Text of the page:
Team Care Connections
Moral Distress / Moral Injury
NACHC have issued their latest Team Care and Connections publication, focusing on concepts of Moral Distress and Moral Injury … how people experience conflict between what they believe in and what they see or do, based on surveys of healthcare professionals.
From the introduction:
“ … We interviewed primary care teams about their experience caring for vulnerable patients. Each team member, regardless of his or her role, used words like “gratifying” and “fulfilling” to describe how it felt to help patients feel better or improve access to needed services.
Many care providers referred to their work as a calling.
However, these conversations often turned to challenges; things that create obstacles to providing the care team members want and felt called to give. We heard about long days and short visits, and lack of community resources they felt their patients needed.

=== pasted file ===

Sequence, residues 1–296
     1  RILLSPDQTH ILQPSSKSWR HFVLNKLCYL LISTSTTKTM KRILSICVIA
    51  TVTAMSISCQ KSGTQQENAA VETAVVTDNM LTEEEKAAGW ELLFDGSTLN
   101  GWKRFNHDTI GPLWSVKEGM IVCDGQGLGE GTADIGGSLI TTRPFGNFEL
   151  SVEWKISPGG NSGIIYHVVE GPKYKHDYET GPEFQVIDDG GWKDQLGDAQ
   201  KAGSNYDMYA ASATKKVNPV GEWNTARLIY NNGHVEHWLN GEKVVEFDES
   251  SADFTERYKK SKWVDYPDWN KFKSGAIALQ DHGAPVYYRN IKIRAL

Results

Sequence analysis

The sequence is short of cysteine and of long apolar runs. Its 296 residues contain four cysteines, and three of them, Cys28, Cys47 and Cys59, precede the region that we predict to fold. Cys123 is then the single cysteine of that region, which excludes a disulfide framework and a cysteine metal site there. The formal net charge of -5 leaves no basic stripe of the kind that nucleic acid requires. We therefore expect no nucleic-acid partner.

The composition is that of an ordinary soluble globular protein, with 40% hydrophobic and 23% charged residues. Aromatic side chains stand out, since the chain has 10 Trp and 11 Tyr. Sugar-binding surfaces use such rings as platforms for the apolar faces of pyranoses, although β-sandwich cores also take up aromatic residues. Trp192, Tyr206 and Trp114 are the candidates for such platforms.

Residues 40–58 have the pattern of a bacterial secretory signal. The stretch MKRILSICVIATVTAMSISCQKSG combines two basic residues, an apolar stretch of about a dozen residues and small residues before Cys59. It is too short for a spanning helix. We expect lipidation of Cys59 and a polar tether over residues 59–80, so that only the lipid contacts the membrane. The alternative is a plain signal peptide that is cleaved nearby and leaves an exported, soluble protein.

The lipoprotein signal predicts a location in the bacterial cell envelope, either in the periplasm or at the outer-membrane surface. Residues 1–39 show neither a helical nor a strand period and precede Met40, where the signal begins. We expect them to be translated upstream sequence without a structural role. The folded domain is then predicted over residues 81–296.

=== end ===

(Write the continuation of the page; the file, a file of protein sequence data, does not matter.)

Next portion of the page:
As health care professionals, we knew and had experienced these same challenges. We weren’t surprised by them or comments about how frustrating they can be.
What we didn’t expect – and had no interpretation for – was the degree of pain and stress that lived alongside the satisfaction most felt for their work.
We heard team members question if they were doing enough for their patients, if they were giving the level of care they expected of themselves, and most poignantly, if they were failing their patients. Our exploration of what this might be about led us to moral distress and moral injury, the emotions and stress that accompany discordance between what providers believe “should be” and what is, and how it affects primary care teams.